The Strange Case of the Composer and His Judge

The Strange Case of the Composer and His Judge

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Description

New Year's Day, 2000. Hunters on their way home through a forest in the Jura stumble upon a half-circle of dead bodies lying in the freshly fallen snow. A nearby holiday chalet contains the debris of a seemingly ordinary Christmas: champagne, decorations, presents for the dead children. The hunters are questioned and sent away. As they descend the mountain, a large dark car rises past them in the gloom. The woman within barely acknowledges their presence. The Judge, Dominique Carpentier, is in charge of the investigation. Commissaire Andre Schweigen is waiting for her. They have encountered this suicide sect before. In the chalet they find a strange leather-bound book, written in mysterious code, containing maps of the stars. The book of The Faith leads them to the Composer, Friedrich Grosz, who is connected to every one of the dead. Surely he must be implicated in The Faith? And so the pursuit begins. Carpentier, Schweigen and the Judge's idiosyncratic assistant Gaelle, are drawn into a world of complex family ties, ancient cosmic beliefs and seductive, disturbing music. Carpentier, known as the sect hunter, prides herself on her ability to expose frauds and charlatans. She also likes to win. Has she met her match in the Composer? Hurtling breathlessly through the vineyards of Southern France to the gabled houses of Lubeck, through cathedrals, opera houses, museums and the cobbled streets of an Alpine village, this ferocious new novel from the acclaimed author of "Hallucinating Foucault" is a metaphysical mystery of astonishing verve and power.show more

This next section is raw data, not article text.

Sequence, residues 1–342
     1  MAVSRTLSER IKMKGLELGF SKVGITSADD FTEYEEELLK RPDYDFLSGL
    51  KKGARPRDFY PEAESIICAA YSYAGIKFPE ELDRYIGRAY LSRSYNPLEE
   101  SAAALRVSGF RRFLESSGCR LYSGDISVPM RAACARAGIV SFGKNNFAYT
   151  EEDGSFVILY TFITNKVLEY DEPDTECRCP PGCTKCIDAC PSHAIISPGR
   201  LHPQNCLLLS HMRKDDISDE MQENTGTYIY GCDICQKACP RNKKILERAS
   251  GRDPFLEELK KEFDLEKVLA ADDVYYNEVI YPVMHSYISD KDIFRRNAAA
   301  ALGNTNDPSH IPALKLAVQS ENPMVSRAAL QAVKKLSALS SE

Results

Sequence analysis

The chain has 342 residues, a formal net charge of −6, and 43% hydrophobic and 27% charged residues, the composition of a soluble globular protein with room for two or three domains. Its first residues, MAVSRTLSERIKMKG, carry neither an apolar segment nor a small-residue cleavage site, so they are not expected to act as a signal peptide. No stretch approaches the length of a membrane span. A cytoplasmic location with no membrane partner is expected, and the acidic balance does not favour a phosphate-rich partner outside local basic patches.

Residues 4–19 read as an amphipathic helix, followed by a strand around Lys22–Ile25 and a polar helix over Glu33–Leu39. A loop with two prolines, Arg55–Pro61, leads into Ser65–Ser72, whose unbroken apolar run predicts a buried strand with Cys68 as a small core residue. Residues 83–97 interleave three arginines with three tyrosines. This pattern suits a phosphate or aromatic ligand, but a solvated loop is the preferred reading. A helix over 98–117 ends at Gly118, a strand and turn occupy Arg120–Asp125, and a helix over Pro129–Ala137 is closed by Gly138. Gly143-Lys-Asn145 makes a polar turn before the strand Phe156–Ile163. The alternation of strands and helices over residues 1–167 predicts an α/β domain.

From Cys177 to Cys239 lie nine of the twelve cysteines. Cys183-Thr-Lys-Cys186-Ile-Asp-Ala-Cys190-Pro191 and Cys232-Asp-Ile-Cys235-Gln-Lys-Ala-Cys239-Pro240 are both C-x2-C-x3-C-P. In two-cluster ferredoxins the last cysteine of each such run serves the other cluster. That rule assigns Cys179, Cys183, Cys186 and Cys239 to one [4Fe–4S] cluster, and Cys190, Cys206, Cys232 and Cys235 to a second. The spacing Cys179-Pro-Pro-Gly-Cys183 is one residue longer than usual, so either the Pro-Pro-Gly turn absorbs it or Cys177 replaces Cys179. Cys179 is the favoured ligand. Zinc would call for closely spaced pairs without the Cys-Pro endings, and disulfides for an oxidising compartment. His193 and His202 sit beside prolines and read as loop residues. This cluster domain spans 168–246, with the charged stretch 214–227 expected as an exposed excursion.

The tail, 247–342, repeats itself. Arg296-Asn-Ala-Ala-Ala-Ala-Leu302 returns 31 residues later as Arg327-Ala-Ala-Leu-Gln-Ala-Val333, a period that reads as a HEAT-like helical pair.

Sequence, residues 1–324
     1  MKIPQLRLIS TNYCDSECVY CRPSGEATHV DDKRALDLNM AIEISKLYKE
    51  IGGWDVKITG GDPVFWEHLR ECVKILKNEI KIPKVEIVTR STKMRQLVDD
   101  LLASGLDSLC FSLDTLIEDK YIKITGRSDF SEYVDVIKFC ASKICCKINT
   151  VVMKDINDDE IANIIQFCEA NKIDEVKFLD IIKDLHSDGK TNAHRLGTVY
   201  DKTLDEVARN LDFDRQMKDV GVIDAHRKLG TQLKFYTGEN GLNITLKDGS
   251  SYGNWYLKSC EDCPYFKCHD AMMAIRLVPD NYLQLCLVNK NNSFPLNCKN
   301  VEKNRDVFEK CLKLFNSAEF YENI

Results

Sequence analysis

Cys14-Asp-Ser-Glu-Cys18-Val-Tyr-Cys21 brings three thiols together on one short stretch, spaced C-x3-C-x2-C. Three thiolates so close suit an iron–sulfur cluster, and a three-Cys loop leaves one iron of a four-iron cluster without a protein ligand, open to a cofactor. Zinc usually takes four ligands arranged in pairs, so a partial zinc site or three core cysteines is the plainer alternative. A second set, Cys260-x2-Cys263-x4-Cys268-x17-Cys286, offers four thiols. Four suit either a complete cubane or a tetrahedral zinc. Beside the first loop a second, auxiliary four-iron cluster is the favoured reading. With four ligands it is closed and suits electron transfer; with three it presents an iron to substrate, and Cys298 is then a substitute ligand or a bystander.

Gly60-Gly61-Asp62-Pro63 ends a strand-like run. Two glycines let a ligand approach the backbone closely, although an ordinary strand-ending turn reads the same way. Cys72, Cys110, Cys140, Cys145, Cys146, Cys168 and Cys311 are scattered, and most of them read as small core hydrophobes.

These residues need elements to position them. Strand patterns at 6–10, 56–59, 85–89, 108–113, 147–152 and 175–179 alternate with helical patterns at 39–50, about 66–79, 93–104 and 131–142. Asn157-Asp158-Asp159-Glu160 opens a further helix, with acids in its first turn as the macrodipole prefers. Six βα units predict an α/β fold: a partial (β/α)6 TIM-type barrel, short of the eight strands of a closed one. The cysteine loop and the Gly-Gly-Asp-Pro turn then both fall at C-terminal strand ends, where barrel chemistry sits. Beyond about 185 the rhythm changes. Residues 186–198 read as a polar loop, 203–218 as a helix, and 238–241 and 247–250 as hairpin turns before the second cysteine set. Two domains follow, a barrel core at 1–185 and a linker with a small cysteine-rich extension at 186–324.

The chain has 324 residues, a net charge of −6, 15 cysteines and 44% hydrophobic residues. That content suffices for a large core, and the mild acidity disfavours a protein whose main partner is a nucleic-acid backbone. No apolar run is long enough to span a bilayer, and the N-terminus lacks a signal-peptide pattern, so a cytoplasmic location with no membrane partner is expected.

Product details

  • Hardback
  • 153 x 234mm
  • Bloomsbury Publishing PLC
  • London, United Kingdom
  • 0747591490
  • 9780747591498

Review quote

'One of the best novels of its year It is a thriller, a romance and a critique of dryness Ever since I read it, I have been encouraging everyone else to do so' A.S. Byatt (on Hallucinating Foucault) 'Every bit as good as her debut, Hallucinating Foucault, which is saying a good deal Penetrating and sparkling' Philip Hensher (on Monsieur Shoushana's Lemon Trees) 'Patricia Duncker should be made a DBE, elected to the Academie Francaise and have a statue erected in the main square of her home town' Louis de Bernieres (on James Miranda Barry)show more

About Patricia Duncker

PATRICIA DUNCKER is the author of four novels, Hallucinating Foucault (1996), winner of the McKitterick Prize and the Dillons First Fiction Award, James Miranda Barry (1999) and The Deadly Space Between (2002). Her fourth novel, Miss Webster and Cherif (2006) was shortlisted for the Commonwealth Writers Prize, 2007. She has published two collections of short fiction, Monsieur Shoushana's Lemon Trees (1997), shortlisted for the Macmillan Silver Pen Award, and Seven Tales of Sex and Death (2003), all of which have been widely translated. She is Professor of Contemporary Literature at the University of Manchester.show more